Stourbridge MP Margot James gave constituents just fourteen days notice of a deadline to submit their views of the UK’s media to a Government review that may decide to recommend public funding of national newspapers.
The tax-payer subsidy plan is among proposals being considered by the Cairncross Review, a low-key substitute for the controversially shelved ‘Leveson 2’ inquiry into Press standards.
Ms James, who in Parliament dismissed as ‘inappropriate’ Lord Chief Justice Leveson’s insistent call for a second major inquiry into fresh evidence of corruption involving the media, left it until nine weeks into the 11-week Cairncross Review to Tweet details of how Stourbridge people can take part.
The start of the Cairncross review – headed by former business journalist Dame Frances Cairncross – was signalled on a Government website on June 28 and her work began in early July, continuing largely through the Parliamentary summer recess and with an end to accepting submissions set for September 14.
Industry insiders have indicated that the Cairncross review’s central remit to assess the ‘financial sustainability’ of the UK’s national newspapers will lead to Government approval for publicly financed subsidies to daily papers that have been hit hard by phone hacking and perjury scandals, falling circulation and reduced profits.
Ms James made no mention of the review in her three newsletters to constituents since the review began. Then at the end of August 2018 she reTweeted a post from her Department of Culture Media and Sport (DCMS) that highlighted ‘the need to protect our high quality journalism’.
The Stourbridge MP added: ‘This is so important. I would encourage everyone with an interest to express their views’. (An extract of the terms of reference is at the foot of the story, and it links direct to the Review submission website)
At the time of Ms James’ public slapping down of Lord Leveson’s call for Part Two of the inquiry to go ahead, she told the House of Commons that the Cairncross Review would be ‘forward-looking as opposed to examining past practices, and will be looking at the challenges the press industry faces in monetising its online content and the implications for the sector’s sustainability.” Her remarks came before Leveson 2 was officially abandoned.
The original Leveson inquiry was set up by former Prime Minister David Cameron in response to public outrage over newspaper actions that included the hacking of murdered schoolgirl Milly Dowler’s phone and and a series of celebrity ‘stings’.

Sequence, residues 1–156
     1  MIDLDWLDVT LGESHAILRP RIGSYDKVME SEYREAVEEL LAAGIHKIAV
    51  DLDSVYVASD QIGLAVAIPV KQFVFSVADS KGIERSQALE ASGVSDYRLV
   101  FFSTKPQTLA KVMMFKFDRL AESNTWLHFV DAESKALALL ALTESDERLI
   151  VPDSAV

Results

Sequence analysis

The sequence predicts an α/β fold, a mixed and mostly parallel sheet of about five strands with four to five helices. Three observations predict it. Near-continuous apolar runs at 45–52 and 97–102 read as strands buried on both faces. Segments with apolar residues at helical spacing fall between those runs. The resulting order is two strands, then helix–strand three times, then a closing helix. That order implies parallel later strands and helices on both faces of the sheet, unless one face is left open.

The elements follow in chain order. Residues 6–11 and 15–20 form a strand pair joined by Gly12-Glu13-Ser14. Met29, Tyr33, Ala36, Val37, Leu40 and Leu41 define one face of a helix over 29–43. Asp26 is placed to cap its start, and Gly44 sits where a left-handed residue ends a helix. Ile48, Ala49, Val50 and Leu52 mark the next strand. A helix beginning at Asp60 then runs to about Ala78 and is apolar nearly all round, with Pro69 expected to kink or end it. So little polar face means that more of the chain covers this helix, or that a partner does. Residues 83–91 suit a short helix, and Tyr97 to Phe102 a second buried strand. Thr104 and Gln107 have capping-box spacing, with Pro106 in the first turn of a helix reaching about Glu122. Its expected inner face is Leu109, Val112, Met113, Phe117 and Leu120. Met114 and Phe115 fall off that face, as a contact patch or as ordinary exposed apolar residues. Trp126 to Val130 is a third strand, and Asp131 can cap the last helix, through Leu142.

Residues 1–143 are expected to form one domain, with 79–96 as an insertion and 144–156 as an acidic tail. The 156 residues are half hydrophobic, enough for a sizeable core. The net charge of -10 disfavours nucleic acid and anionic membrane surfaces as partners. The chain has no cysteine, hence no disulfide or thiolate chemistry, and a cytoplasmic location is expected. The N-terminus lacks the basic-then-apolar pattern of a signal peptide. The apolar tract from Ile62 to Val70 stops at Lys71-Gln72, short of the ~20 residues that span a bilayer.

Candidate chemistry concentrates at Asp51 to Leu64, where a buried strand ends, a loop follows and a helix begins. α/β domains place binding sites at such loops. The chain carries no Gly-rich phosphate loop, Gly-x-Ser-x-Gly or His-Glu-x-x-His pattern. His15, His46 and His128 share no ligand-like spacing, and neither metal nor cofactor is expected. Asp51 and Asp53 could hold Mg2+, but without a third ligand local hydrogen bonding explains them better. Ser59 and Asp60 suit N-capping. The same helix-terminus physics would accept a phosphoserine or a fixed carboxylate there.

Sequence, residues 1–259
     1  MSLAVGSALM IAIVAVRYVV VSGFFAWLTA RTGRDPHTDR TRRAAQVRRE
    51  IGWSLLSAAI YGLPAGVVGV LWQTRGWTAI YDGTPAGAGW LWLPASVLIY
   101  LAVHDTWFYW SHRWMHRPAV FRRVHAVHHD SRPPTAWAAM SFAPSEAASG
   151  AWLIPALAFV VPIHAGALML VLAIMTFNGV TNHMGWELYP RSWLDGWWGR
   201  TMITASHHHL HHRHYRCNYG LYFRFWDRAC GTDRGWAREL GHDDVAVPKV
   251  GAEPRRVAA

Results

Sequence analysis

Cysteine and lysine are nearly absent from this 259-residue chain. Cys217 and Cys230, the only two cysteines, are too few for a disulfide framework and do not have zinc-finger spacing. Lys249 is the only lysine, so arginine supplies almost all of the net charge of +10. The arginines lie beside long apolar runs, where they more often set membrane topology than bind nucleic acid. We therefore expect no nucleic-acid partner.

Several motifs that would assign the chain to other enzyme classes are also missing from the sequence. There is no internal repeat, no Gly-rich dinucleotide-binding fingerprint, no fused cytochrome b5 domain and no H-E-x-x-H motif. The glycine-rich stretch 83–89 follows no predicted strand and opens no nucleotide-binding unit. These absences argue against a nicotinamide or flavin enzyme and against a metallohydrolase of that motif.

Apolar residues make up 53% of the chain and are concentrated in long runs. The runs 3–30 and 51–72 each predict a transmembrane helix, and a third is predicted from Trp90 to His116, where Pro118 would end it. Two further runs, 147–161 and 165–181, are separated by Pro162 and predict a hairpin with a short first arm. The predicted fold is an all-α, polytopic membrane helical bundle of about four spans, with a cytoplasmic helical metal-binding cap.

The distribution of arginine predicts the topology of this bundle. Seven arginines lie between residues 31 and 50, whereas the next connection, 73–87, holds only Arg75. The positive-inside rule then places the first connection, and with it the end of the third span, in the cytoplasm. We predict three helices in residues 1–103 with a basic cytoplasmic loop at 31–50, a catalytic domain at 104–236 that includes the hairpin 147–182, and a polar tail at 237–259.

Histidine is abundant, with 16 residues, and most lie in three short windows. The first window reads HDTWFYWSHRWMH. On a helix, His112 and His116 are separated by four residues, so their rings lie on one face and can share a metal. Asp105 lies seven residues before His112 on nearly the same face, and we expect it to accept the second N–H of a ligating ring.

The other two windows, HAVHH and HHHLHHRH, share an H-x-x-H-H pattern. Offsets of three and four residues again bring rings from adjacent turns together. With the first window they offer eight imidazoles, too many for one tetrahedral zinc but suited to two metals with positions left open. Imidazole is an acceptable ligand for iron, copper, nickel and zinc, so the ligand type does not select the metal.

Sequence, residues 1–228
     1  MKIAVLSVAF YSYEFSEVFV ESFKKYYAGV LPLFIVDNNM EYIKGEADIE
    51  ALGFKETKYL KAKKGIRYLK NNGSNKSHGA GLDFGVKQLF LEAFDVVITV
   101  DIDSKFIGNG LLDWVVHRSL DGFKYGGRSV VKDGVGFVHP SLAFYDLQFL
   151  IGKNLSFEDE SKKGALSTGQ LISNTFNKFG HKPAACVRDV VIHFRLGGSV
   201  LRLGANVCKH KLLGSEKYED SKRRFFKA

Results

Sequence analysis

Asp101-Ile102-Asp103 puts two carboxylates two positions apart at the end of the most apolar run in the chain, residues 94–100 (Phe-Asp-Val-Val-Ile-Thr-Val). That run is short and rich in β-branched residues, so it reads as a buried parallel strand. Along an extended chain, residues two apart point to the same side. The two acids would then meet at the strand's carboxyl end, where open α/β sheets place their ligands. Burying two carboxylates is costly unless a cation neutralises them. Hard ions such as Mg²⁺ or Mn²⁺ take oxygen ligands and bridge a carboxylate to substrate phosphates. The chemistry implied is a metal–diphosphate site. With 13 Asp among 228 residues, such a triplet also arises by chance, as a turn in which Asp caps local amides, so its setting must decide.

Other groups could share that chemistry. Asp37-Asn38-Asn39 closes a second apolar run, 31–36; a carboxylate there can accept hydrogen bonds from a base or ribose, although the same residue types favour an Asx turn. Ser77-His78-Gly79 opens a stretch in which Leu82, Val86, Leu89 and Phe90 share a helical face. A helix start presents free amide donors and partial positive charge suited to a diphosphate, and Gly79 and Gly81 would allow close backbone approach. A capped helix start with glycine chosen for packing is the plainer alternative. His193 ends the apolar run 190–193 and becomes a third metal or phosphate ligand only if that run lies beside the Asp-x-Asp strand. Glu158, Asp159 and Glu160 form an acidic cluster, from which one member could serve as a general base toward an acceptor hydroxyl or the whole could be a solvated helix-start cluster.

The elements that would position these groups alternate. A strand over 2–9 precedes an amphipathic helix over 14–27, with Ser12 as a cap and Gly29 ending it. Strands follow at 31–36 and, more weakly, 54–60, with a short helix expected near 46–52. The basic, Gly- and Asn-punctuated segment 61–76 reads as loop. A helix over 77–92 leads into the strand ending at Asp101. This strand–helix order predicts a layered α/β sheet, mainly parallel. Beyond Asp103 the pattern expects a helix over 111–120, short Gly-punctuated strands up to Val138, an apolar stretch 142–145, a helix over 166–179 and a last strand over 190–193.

Lord Justice Leveson’s inquiry was televised live as it trawled through evidence from witnesses that included global media mogul Rupert Murdoch. Mr Murdoch’s News of the World newspaper was shut down because of the Milly Dowler scandal. Four former prime ministers were among scores of other participants including hacking victims.
Lord Leveson’s subsequent 2,000 page report led to the replacement of the ‘failed’ Press Complaints Commission and its findings were accepted by David Cameron. But he rejected making recommended changes in the law to protect people from newspapers’ excesses.
Though David Cameron pledged to back a ‘Leveson 2’ into issues of public concern that had emerged late in the first inquiry’s life or had been the subject of ongoing legal actions, the Government subsequently said early in 2018 that it was no longer necessary and would be ‘too expensive’.
In sharp contrast to Leveson’s judicial and inquisitorial framework, Dame Frances’s review has listened in private to a hand-picked panel of advisors drawn from journalism, academia, advertising and technology. It includes Peter Wright, a former editor of The Mail on Sunday and for several years director of the now-discredited and disbanded Press Complaints Commission.
According to the review’s terms of reference, its final report and recommendations are determined by Dame Frances. Criticism of the review has included the lack of any ground-level local newspaper representation or members of the public.
The review’s terms of reference also specifically rule out the addressing of ‘politically motivated disinformation and propaganda in national newspapers’.
As this report was being prepared for publication, the website page that detailed how to submit views on the state of the Press was still available here.
Footnote: Public money is already being channelled to mostly large private local newspaper groups in the form of a network of Local Democracy reporters that is funded by BBC licence money at the direction of the Government to make up for staff cutbacks and newspaper closures.
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